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Your question was, why are our backs so bumpy? I think we've answered it.

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Our brilliant backbone, our spine,

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is bumpy because it's made up of lots of little bones.

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This allows us to bend, stretch and move in lots of different ways.

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These little hard bones also protect

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the soft spinal cord

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which our brain uses to talk to our body.

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The soft discs between the bones in our spine

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cushion our body and head when we walk, run or jump up and down.

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So I hope that's answered your question.

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ALL: Thanks, Nina. Bye!

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Bye!

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If you want to find out more about the science all around us,

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go to the Nina page on the CBeebies website. Have fun!

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-Hearts beating.

-Lungs breathing.

-Fingers feeling.

-Mouths eating.

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And don't forget your brain.

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# Brilliant bodies, brilliant bodies

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# Inside and ou-ou-out

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# Brilliant bodies, brilliant bodies

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# Come on, let's find out about

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# Our happy hands and bendy knees

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# Stretchy backs And noses that sneeze

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# We all have brilliant bodies... #

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Brilliant bodies!

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# Every part has a job to do

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# Even scabs and ear wax too

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# We all have brilliant bodies... #

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Brilliant bodies

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# Brilliant bodies, brilliant bodies

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# Lashes to protect our eyes

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# Brilliant bodies, brilliant bodies

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# And don't forget to exercise. #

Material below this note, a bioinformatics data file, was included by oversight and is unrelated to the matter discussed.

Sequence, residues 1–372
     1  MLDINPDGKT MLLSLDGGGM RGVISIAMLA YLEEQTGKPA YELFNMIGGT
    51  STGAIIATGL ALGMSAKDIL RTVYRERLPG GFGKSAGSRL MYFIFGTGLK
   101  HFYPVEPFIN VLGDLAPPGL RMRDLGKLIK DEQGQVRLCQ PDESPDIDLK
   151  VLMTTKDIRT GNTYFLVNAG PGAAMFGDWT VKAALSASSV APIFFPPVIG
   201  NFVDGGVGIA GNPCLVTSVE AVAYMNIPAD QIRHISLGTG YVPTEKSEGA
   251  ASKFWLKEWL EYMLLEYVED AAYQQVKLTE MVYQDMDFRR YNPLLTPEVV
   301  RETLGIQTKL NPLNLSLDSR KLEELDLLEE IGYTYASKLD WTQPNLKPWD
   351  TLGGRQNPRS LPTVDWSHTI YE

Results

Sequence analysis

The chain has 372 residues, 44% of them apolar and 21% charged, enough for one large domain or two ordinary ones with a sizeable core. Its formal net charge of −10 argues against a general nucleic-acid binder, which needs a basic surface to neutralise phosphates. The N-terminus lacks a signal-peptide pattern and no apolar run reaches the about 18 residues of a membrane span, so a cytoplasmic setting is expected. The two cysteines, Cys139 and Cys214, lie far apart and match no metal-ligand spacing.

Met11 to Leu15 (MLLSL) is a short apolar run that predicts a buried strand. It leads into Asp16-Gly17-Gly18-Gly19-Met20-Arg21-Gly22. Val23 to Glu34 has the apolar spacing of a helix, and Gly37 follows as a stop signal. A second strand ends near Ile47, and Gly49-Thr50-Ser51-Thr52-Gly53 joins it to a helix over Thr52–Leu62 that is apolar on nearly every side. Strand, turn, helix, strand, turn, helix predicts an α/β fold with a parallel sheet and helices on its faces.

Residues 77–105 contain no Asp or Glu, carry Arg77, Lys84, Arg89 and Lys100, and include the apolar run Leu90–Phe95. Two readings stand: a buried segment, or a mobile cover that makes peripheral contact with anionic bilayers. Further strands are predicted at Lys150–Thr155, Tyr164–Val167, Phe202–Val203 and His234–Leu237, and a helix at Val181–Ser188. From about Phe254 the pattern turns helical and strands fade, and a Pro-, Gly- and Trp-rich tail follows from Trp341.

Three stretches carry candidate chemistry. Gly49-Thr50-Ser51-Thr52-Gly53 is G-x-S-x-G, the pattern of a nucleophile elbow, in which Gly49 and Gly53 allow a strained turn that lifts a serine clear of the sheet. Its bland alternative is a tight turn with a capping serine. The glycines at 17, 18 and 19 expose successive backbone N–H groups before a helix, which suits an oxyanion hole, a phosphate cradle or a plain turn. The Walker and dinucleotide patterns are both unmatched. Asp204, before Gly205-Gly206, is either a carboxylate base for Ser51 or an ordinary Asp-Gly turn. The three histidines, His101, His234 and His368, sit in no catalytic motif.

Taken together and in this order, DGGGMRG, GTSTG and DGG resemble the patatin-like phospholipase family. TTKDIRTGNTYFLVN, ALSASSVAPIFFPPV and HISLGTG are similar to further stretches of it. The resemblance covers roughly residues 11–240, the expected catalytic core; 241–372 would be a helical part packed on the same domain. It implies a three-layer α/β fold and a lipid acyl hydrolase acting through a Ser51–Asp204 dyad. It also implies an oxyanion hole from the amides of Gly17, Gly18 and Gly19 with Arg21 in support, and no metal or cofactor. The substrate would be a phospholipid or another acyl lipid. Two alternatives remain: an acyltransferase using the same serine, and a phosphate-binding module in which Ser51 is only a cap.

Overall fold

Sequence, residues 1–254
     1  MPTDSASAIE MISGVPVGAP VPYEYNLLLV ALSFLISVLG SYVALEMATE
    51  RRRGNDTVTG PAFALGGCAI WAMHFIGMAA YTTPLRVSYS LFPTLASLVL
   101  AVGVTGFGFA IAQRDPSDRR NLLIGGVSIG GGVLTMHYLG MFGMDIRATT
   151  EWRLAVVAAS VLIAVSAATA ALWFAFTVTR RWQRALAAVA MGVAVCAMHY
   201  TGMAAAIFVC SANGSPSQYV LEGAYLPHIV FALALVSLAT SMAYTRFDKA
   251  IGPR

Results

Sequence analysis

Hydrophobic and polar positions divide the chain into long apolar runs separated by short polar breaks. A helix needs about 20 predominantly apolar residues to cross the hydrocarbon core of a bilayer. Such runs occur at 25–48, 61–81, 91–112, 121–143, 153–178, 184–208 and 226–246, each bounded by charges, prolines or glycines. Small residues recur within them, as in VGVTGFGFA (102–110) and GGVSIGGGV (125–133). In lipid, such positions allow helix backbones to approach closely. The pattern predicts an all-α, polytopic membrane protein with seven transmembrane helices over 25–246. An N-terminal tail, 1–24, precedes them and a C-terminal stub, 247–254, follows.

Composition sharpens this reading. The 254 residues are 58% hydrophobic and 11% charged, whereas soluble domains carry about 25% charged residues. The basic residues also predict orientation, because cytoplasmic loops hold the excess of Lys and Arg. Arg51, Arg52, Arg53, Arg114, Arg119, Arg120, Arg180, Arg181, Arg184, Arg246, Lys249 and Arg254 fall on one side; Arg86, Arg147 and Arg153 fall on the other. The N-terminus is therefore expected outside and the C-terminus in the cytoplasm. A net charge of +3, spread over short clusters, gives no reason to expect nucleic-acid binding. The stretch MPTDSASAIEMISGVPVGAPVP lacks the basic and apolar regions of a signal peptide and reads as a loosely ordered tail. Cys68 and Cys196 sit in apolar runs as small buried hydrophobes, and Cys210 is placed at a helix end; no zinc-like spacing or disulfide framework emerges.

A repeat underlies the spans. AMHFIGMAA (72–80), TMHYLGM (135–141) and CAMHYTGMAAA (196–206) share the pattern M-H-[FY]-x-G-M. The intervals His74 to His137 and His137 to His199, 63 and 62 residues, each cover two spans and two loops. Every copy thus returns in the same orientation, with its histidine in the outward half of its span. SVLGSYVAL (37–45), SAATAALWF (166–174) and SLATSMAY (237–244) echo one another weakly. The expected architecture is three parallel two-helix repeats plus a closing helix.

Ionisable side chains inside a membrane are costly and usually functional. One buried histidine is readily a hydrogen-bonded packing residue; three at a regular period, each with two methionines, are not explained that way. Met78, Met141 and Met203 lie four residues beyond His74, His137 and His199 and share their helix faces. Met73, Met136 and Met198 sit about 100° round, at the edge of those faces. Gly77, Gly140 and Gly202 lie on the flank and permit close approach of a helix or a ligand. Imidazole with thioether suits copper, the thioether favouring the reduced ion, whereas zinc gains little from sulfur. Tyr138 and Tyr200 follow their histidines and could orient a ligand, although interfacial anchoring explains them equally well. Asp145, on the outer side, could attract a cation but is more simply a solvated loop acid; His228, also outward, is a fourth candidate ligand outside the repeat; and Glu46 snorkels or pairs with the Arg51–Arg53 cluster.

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It's been marvellous day, especially feeling Mr Skeleton's

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hard, bumpy spine.

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Oh, I've had a brilliant day.

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The exercise class with the bending

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and stretching was great fun!

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Ah, it's been such a great day, man.

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The experiment with the eggs was really smashing. Hee-hee!

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Remember, everyone's body is different,

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but they're all brilliant. See you again soon. Bye!

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ALL: Bye!

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E-mail: [email protected]

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Nina investigates why people's backs are so bumpy, with the help of Felix, her touch neuron.

Experimenters Cara, Kai and Rianna visit Nina in her lab and find out that backs feel bumpy because the backbone - or spine - is made up of lots of little hard bones. These protect something called the spinal cord which the brain uses to talk to the rest of the body.

They go to an exercise class and do lots of bendy, stretchy moves. Nina explains that people are able to bend and stretch in lots of different, useful ways because the spine is made up of lots of little bones, not one big, long, hard bone.

Back in the lab, they do a smashing experiment with eggs and discover that there are little soft discs between the bones in the spine. These act as little cushions, stopping the bones from bashing together when people move.